Privacy, Data Security and Cyber-Security Law

Some the biggest news stories in recent months have involved privacy, data security and cyber-security. Ranging from Edward Snowden’s revelations about NSA spying on Americans, credit card breaches at retailers like Target and Home Depot, class action litigation against Facebook or the hacks on Sony Pictures; more and more companies are finally realizing that protecting their customer’s personal and financial information is not just the responsibility of the “geeks” working in IT departments. Rather it is a mission critical function that needs the attention of the CEO/business owner and all employees.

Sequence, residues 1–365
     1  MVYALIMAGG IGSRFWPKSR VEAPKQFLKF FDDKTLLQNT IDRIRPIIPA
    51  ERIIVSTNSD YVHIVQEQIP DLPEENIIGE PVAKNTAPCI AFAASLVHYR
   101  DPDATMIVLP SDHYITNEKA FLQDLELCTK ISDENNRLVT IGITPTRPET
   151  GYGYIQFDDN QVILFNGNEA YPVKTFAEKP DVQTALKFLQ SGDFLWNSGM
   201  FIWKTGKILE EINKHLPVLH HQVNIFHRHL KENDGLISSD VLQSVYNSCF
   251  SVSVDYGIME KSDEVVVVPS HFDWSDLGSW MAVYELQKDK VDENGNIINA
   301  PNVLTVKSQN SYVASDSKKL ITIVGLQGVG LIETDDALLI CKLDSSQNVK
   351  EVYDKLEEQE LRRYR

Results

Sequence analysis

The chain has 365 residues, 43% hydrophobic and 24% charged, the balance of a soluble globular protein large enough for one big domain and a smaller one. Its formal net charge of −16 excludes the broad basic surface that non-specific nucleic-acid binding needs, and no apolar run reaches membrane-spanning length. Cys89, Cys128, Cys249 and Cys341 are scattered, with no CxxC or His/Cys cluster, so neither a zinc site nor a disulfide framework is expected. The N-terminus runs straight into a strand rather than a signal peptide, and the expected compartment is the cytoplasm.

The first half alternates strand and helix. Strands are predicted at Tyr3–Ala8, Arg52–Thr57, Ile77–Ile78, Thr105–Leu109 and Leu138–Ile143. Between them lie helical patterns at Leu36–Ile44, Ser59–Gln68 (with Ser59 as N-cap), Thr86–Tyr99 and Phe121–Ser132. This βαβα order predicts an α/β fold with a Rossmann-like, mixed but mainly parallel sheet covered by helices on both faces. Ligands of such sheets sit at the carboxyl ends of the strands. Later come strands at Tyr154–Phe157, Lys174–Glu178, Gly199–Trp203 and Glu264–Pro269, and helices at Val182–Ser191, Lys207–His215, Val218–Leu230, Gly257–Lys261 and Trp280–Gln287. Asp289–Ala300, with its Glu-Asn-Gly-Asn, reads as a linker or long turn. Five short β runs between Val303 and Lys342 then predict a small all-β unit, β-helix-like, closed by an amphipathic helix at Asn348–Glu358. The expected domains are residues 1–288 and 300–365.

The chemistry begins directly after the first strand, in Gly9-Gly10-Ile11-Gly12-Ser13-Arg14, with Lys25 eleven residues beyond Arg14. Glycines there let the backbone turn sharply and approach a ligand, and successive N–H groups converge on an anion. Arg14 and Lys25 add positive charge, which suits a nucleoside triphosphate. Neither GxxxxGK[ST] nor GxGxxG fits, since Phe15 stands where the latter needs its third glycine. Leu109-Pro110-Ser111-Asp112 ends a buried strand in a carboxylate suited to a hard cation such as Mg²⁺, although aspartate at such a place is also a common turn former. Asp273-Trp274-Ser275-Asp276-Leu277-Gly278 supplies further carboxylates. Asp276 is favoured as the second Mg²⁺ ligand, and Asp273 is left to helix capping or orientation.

In the US, there is a patchwork of federal and state laws dealing with privacy protection. They are based on the industry sector, for example, laws covering medical records, banking transactions, credit cards, debt collectors, library book records, and many others. These laws typically describe the responsibilities the record holder has in terms of protecting information from unauthorized access or dissemination, modification and/or destruction and the obligation to report privacy breaches.  The Federal Trade Commission, other federal agencies, state attorney generals and plaintiffs’ attorneys are very active in privacy related litigation.

Since 1995, the European Union has adopted a more comprehensive approach to data security and privacy. Other jurisdictions are getting involved now that rapid changes in cyber and other technology have exposed global commerce and consumers to ever increasing privacy risks.

Susie Hoeller has been counseling companies on privacy law issues since the 1990s, well before data and cyber security issues started to make headlines in the global media.